(190d) Unifying Concepts in Electro- and Thermocatalysis Towards Hydrogen Peroxide Production | AIChE

(190d) Unifying Concepts in Electro- and Thermocatalysis Towards Hydrogen Peroxide Production


Adams, J. - Presenter, University of Illinois Urbana-Champaign
Kromer, M., University of Illinois, Urbana-Champaign
Rodríguez-López, J., University of Illinois at Urbana-Champaign
Flaherty, D., University of Illinois At Urbana-Champaign
The direct synthesis of H2O2 from H2 and O2 gas shows many mechanistic similarities to the hydrogen oxidation (HOR) and oxygen reduction reactions (ORR). In each system, water facilitates proton-electron transfer reactions between H*- and O2*-derived intermediates on metal nanoparticle catalysts. Consequently, these materials should show similar rates and selectivities of H2O2 formation if they operate at equivalent electrochemical potentials, determined by the reactant activities, electrode potential, and temperature.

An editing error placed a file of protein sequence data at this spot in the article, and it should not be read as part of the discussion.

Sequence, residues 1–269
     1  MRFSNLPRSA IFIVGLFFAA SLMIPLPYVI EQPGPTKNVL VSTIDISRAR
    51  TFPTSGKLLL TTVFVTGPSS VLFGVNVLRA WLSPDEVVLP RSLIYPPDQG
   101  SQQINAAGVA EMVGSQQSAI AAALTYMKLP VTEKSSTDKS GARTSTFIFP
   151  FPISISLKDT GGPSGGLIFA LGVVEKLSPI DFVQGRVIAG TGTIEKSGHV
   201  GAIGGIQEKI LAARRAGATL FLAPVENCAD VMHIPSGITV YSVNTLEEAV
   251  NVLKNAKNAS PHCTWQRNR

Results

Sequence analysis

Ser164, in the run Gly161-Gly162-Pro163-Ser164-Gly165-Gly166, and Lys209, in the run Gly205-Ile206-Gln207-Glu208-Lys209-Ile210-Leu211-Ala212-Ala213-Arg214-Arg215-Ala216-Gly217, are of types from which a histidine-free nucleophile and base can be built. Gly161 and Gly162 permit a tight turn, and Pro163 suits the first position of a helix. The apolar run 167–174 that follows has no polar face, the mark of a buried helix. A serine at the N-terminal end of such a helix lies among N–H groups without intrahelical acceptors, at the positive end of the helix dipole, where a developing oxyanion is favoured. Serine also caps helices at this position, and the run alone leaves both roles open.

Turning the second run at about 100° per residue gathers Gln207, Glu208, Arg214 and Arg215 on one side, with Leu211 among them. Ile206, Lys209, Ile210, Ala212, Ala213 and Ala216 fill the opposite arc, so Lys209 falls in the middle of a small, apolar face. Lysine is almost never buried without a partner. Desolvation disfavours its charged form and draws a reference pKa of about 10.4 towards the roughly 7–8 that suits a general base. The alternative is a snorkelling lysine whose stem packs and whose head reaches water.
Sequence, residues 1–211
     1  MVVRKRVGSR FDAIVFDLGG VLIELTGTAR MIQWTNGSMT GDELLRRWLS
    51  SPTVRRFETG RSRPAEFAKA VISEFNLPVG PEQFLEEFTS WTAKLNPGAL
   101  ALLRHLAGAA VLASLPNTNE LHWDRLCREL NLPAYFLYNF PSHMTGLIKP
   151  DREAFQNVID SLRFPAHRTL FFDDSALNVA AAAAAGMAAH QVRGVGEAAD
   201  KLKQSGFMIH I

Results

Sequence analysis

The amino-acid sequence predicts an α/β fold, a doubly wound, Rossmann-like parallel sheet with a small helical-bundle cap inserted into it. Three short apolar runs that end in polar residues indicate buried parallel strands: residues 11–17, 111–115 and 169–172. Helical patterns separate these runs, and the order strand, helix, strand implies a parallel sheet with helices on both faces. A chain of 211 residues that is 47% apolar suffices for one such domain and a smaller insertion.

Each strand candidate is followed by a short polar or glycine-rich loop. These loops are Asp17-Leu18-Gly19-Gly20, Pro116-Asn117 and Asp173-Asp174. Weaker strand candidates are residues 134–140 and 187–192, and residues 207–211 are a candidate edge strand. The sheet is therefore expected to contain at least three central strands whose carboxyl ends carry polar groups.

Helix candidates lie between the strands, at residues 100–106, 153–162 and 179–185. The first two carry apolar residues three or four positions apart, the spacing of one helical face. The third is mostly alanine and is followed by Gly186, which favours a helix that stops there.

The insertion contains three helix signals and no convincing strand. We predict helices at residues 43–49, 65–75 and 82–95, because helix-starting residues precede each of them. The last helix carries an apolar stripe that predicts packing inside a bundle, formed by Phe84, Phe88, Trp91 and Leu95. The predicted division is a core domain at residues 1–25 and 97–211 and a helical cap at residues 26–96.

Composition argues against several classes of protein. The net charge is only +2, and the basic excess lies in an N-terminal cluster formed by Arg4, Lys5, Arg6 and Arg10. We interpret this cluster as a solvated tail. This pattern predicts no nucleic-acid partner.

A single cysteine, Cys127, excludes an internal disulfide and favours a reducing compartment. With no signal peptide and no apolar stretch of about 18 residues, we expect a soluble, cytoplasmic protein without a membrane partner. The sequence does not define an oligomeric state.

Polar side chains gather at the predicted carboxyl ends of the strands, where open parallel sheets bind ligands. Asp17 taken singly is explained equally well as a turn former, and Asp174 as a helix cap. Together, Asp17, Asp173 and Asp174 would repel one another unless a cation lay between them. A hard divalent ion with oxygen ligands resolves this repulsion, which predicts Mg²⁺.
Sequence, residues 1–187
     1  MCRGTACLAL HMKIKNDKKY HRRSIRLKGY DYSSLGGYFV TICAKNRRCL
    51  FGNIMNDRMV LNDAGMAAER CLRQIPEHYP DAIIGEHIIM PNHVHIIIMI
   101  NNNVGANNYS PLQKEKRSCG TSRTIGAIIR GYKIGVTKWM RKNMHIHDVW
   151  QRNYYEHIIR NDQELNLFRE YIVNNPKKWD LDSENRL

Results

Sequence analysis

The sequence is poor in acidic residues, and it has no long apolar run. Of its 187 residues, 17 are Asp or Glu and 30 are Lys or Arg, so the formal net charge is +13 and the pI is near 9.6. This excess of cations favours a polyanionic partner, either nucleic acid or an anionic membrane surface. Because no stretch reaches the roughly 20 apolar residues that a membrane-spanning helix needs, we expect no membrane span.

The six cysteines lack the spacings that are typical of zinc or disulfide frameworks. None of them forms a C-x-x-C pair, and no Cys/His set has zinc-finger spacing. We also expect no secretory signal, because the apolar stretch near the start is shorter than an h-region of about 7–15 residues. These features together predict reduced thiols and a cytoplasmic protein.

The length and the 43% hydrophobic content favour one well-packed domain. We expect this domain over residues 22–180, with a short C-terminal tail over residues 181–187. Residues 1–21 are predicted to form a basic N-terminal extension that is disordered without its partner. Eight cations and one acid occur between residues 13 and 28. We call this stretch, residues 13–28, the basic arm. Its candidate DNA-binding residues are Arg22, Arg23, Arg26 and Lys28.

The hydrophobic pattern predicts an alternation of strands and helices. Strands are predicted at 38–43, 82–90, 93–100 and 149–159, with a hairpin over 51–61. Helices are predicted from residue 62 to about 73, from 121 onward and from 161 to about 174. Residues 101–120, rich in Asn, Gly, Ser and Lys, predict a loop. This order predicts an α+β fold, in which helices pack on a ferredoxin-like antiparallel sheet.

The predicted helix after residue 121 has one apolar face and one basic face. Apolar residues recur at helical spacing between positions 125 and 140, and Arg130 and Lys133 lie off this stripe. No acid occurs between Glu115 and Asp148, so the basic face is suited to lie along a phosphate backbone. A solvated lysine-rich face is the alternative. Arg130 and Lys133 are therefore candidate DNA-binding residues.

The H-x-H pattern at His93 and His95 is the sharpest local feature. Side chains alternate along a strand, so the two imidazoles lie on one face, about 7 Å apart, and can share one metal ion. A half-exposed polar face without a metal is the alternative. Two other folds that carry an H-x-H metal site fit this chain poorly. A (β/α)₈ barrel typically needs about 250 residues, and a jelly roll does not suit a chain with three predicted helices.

We test this hypothesis by comparing the kinetic parameters measured independently within a fixed-bed reactor and a rotating ring-disk electrode upon twelve mono- and bimetallic nanoparticle catalysts (e.g., Pt, Pd, Au). Under direct synthesis conditions, the balanced rates of the HOR and ORR result in an operating current during H2O2 formation, causing the metal to develop a potential. We modeled this system by treating each nanoparticle as a short-circuited electrochemical cell, which sets the rates of the HOR and ORR equal at any given combination of H2 and O2 pressures. Thus, Butler-Volmer analysis of electrochemical rate constants and transfer coefficients allows for predictions of the metal's operating potential during direct synthesis reactions. We compared these predictions to empirical measurements of the operating potential measured using a pressurized electrochemical cell held at equivalent H2 and O2 pressures used during thermochemical reactor measurements.

Comparisons of the predicted and measured operating potential of the twelve materials show good agreement across a 300 mV, supporting the validity of this model. H2O2 selectivities under thermocatalytic and electrocatalytic conditions also correlate across all catalysts at equivalent electrochemical potentials. Overall, this interdisciplinary approach provides quantitative relationships that present opportunities to optimize reaction conditions and design new materials that show significantly improved H2O2 formation rates and selectivities.